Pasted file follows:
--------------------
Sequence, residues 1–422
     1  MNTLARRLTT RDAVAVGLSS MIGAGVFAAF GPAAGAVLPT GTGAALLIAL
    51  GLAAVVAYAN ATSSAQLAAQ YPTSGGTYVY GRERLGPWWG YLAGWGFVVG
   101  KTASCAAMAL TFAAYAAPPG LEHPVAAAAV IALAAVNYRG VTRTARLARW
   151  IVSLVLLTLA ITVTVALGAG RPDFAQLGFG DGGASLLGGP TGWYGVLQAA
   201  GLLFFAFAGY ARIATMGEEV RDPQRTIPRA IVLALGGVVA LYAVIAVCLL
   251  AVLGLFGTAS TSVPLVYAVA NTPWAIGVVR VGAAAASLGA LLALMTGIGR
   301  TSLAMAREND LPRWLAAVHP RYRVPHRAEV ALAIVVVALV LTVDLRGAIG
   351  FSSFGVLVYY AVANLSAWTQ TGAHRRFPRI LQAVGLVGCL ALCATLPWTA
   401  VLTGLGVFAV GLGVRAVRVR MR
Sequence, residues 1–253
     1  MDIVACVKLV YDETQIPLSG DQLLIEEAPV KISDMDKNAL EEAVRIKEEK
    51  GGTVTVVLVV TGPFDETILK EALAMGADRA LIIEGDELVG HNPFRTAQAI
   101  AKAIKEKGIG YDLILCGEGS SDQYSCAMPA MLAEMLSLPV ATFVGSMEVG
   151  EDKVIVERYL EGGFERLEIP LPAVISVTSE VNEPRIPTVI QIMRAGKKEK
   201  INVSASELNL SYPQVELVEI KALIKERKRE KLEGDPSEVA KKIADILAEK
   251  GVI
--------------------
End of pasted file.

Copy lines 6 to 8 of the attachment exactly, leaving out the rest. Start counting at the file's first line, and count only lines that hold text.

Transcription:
   201  GLLFFAFAGY ARIATMGEEV RDPQRTIPRA IVLALGGVVA LYAVIAVCLL
   251  AVLGLFGTAS TSVPLVYAVA NTPWAIGVVR VGAAAASLGA LLALMTGIGR
   301  TSLAMAREND LPRWLAAVHP RYRVPHRAEV ALAIVVVALV LTVDLRGAIG